# Using a generic call to access different variations of a method

In the code below, the primary purpose of class MyRNG is to create a single method getMyRandom() that will return a random number from any of several very different distributions and generators. The actual distribution and generator will be determined by information read from a file, although in the test program below, the information is simply stated in main() at the point where the call to MyRNG() occurs. In the code as it stands, a line (read from a file, console or command line) is parsed to extract the type of RNG wanted and the parameters for the distribution. Distributions are limited in the sample code to a Gaussian distribution, uniform distribution, and random choice

I think that the code is horrible (not surprising given that I'm an OOP novice) in that I use an enum to signal which kind of RNG I really want, and then I use switch statements to ensure that getMyRandom() actually calls the correct kind of basic generator. I think I should be able to solve in another way! I have been reading about design patterns and I've convinced myself that it should be possible to greatly improve the code by using either Factory Method or Abstract Factory but I cannot see how to do it.

Questions that I'm struggling with ...

• What design pattern should I be focusing on?
• Most importantly for my understanding, what would a sketch of that design pattern look like in the context of my problem
• At the moment I have "this.rng = new Random()" within class MyRNG class where (I believe) it is called for each new MyRNG object. Does this make sense or should it be somewhere else, either in the code as it stands or in a relevant design pattern.
• Where should the parsing of the RNG description go?
import java.util.Random;

class MyRNG {

// The DistributionType enum is used to keep track of the particular kind of RNG that
// we want so that the appropriate specific method can be called by the intermediary
// getMyRandom() method.
enum DistributionType {
UNIFORMDOUBLE, // Types of distribution to account for. ** VERY **Incomplete list.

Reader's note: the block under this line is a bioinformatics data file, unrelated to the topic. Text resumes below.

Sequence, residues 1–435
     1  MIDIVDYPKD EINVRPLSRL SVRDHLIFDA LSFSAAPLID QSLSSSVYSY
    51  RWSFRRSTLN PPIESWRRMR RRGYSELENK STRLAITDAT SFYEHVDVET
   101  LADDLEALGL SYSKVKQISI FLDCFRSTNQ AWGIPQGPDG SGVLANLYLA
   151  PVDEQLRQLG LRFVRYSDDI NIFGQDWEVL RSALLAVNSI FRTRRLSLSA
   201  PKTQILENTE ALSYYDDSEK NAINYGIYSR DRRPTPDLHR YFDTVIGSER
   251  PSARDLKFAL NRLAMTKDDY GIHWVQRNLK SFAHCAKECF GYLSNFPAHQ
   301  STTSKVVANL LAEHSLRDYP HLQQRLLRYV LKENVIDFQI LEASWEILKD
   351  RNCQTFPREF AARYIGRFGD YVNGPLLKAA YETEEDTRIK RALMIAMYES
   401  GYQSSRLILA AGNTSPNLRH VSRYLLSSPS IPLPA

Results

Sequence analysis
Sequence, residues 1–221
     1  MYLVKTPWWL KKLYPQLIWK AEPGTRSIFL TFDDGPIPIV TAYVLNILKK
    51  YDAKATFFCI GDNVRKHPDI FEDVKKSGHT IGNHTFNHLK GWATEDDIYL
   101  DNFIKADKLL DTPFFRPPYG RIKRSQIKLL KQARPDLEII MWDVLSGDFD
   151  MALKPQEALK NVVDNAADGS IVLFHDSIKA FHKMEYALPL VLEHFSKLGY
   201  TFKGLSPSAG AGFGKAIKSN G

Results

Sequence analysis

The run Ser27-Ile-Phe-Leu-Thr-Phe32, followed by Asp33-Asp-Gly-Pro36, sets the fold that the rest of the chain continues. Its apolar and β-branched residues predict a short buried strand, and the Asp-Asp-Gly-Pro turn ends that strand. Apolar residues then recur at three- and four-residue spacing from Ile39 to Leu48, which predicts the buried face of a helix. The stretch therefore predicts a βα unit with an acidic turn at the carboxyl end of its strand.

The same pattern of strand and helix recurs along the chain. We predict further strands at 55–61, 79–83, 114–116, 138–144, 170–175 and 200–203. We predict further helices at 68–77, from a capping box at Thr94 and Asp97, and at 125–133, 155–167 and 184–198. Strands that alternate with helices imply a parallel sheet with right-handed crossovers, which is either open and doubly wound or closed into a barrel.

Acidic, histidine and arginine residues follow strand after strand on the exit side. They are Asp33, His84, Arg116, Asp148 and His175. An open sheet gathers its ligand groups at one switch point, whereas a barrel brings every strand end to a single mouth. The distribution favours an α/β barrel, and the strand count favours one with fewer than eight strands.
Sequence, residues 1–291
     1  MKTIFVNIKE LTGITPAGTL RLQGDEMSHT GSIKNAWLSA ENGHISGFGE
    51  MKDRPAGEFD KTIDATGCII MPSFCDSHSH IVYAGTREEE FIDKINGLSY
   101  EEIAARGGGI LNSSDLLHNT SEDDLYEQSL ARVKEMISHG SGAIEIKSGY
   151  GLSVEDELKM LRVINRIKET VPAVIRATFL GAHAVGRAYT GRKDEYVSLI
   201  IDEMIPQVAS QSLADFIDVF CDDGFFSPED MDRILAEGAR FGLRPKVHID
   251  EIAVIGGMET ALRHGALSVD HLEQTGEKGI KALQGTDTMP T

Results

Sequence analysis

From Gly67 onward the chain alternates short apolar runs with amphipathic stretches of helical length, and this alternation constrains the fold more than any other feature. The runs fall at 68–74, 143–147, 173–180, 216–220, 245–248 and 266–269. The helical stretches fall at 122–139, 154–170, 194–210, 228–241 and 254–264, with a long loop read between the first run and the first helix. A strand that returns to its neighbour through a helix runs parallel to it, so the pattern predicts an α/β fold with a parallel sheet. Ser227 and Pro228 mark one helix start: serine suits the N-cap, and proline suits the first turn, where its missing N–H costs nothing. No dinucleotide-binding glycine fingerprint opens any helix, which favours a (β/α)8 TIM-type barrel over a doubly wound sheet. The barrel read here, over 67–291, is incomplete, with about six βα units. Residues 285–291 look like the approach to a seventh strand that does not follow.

GAUSSIAN,
CHOICE
};

Random rng;
DistributionType iAmThisTypeOfRNG; // Keeps track of what kind of RNG is ultimately called
String description;

// Constructor
public MyRNG (String description) {

this.rng = new Random();
this.description = description;

// Parse the description to determine what kind of RNG is really wanted
if (description.matches("UNIFORMDOUBLE +-?\\d+\\.?\\d+ +-?\\d+\\.?\\d+")) {
// For doubles on a unform distribution use UNIFORMDOUBLE lowerbound upperbound
// ... UNIFORMDOUBLE 18.3 22.2
this.iAmThisTypeOfRNG = DistributionType.UNIFORMDOUBLE;
} else if (description.matches("GAUSSIAN +\\d+\\.?\\d+ +\\d+\\.?\\d+")) {
// For Gaussian distribution use GAUSSIAN mean std
// ... GAUSSIAN 2.0 3.5
this.iAmThisTypeOfRNG = DistributionType.GAUSSIAN;
} else if  (description.matches("CHOICE -?\\d+\\.?\\d+( +-?\\d+\\.?\\d+)*")) {
// For CHOICE distribution use CHOICE n1 n2 ...
// ... CHOICE 4.6 -2.35 1.8 -4.0 -1.9
this.iAmThisTypeOfRNG = DistributionType.CHOICE;
} else {
System.out.println("Error: Could not parse parameter string: " + description);
}
}

public double getMyRandom() {

double myRand;
double[] parameters = parametersFromDescription(description);

switch (iAmThisTypeOfRNG) {
case UNIFORMDOUBLE: // double on uniform distribution
myRand = myNextUniformDouble(rng, parameters);
// Next line for debugging info only
System.out.println("Parsed UNIFORMDOUBLE with description: " + description);
break;

case GAUSSIAN: // doubles from Gaussian distribution
myRand = myNextGaussian(rng, parameters);
// Next line for debugging info only
System.out.println("Parsed GAUSSIAN with description: " + description);
break;

case CHOICE: // Random choice from a list of doubles
myRand = myNextChoice(rng, parameters);
// Next line for debugging info only
System.out.println("Parsed CHOICE with description: " + description);
break;

default:
myRand = 0;
System.out.println("Non-existent kind of random string requested.");

}
return myRand;
}

public String toString() {
return "This MyRNG object has kind: " + iAmThisTypeOfRNG;
}

static double[] parametersFromDescription(String description) {

String[] parameterString = description.split("\s+");
double [] parameters = new double[parameterString.length - 1];

int j = 0;
for (int i = 1; i < parameterString.length; i++) {
parameters[j] = Double.parseDouble(parameterString[i]);
j++;
}
return parameters;
}

static double myNextUniformDouble(Random rng, double[] parameters) {

double lowerBound = parameters[0];
double upperBound = parameters[1];

return (upperBound-lowerBound) * rng.nextDouble() + lowerBound;
}

static double myNextChoice(Random rng, double[] parameters) {

int selection = rng.nextInt(parameters.length);

return parameters[selection];
}

static double myNextGaussian(Random rng, double[] parameters) {

double mean = parameters[0];
double standardDeviation = parameters[1];

return standardDeviation * rng.nextGaussian() + mean;
}
}

public class Main {

public static void main(String[] args) {

MyRNG rsA = new MyRNG("GAUSSIAN 5.66 1.2");

System.out.println(rsA);
System.out.println("Result of getMyRandom on rsA is : " + rsA.getMyRandom());